As a Sandy Springs homeowner 10 years ago, I wanted information about services the new city would provide. My first instinct was to look for it in a local newspaper, but I found only limited coverage of what, at the time, was big news for my neighborhood. It seemed that we needed a paper of our own, focusing on everything that was happening in our new community. So, I put my publishing experience to work and, with the help of some family and friends, started Reporter Newspapers.
The first two Reporter editions rolled off the press in January 2007 and served Sandy Springs and Buckhead (both shared borders, main roads and even ZIP codes.) Today, our five “hyperlocal” publications—now also covering Brookhaven, Dunwoody and Atlanta’s bustling intown neighborhoods—reach some of the metro area’s most diverse and dynamic communities.
From the beginning, our mission was to provide readers with fresh and engaging information about their communities. That’s still our mission today and, based on your generous feedback, we’ve come a long way toward meeting that goal. In our first survey last year, readers told us that Reporter Newspapers and Atlanta INtown are their preferred sources for news about a broad range of topics of most interest across all the communities.
Our local roots and focus are at the core of everything we do. Some of our best stories over the years have come from local people and places: friends talking at the Saturday farmer’s market, a homeowner’s group addressing a city council meeting, a school PTA fundraiser, a neighborhood business owner. Usually, the local matters we cover don’t make the headlines of the daily newspaper or fit the sound bites of radio and television news. Nor do they pop up in a Google search. Yet, they are the cornerstone of our mission.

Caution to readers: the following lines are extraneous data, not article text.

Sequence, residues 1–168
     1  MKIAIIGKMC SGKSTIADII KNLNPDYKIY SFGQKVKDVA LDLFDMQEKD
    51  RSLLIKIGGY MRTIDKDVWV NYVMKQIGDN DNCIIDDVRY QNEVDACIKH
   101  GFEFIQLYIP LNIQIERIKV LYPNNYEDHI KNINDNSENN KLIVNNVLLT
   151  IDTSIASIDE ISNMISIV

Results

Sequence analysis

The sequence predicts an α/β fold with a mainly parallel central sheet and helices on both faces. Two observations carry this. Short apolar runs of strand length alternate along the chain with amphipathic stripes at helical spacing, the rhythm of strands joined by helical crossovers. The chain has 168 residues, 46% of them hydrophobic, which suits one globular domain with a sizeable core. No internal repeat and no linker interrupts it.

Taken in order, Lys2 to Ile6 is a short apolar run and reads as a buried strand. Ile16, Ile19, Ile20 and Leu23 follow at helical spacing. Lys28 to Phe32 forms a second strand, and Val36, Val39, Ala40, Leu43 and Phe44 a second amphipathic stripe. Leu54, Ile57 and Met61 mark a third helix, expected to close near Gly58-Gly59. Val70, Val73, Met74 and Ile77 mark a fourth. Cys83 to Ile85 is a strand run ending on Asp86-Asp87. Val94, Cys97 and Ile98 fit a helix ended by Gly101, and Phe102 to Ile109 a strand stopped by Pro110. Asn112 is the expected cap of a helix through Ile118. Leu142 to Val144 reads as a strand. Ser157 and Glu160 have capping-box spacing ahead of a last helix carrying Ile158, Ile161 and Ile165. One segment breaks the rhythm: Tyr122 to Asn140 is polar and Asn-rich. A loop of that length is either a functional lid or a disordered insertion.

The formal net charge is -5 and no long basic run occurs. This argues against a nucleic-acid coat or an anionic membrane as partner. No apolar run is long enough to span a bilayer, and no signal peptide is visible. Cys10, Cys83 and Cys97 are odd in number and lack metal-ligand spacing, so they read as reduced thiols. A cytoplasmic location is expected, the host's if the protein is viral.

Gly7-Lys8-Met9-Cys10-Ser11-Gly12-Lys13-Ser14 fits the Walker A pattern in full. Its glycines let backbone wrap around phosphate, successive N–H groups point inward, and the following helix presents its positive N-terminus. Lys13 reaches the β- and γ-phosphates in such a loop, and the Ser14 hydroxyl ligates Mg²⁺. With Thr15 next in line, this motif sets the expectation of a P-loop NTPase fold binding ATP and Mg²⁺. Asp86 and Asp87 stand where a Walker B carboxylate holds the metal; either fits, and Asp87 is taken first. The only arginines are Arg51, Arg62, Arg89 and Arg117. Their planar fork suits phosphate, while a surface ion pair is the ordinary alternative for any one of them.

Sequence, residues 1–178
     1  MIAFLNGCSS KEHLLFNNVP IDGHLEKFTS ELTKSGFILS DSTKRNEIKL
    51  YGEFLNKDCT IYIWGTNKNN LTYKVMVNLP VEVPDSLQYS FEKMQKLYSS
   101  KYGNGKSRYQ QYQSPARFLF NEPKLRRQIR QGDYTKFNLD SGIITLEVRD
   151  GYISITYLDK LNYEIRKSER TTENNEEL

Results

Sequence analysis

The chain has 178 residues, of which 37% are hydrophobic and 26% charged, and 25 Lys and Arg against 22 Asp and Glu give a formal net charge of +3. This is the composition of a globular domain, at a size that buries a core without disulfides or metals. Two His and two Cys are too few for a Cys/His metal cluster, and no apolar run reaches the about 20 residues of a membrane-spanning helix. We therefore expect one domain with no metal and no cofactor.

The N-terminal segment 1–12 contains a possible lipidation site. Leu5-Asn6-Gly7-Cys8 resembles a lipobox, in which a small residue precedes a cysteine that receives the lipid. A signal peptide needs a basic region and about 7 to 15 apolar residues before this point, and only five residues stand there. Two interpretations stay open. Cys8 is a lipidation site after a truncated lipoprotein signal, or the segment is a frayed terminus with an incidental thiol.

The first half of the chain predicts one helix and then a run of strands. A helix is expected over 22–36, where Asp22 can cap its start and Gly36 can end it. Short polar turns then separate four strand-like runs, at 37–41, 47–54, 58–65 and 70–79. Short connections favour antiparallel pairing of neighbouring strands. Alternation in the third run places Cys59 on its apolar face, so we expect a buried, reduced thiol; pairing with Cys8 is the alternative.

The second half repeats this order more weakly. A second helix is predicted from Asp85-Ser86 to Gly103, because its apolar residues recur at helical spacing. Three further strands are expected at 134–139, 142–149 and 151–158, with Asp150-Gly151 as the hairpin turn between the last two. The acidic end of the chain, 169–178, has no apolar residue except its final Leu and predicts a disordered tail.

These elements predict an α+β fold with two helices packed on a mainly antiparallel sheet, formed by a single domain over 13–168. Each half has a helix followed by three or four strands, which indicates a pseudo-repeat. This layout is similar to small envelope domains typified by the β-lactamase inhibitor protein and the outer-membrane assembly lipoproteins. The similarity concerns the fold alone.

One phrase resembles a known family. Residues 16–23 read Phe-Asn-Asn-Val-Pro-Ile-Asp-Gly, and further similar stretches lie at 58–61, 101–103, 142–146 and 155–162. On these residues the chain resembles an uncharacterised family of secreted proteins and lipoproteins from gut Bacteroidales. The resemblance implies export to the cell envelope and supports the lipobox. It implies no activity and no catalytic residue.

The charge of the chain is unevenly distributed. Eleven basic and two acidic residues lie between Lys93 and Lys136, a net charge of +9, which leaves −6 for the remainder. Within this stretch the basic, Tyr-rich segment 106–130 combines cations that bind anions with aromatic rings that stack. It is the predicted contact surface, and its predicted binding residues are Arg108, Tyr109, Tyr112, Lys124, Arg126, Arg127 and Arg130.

As we start our 10th publishing year, a decade is a meaningful time span to measure any company’s progress. (According to the Small Business Administration, only one in three new businesses survives for 10 or more years.) Growing over the past several years in our segment of the media industry is particularly significant because the printed word seems so 20th century in a digitally-driven universe drenched with information. I’m grateful for the avid readers who tell us they appreciate our coverage—and the scores of advertisers whose commitments have enabled us to expand our efforts.
A local focus allows advertisers to market cost-effectively to customers within a few miles of where their businesses are located. Today, more than 500 advertisers use one or more of our papers to promote their products and services, and we encourage you to patronize them, which fosters a vibrant local economy.
Many of our readers tell us “the paper looks great.” To that end, we’re always looking for ways to create a more readable and colorful publication, including the design changes introduced in this issue. If you like the look and content of your Reporter or have an idea for improving it, please let me know. We value your input and use it to remain focused.
Our initial mission is still intact, fueled by the enthusiasm of a talented and experienced staff. As a new year begins, let me say thank you to our readers and advertisers for helping our business to grow and serve your community.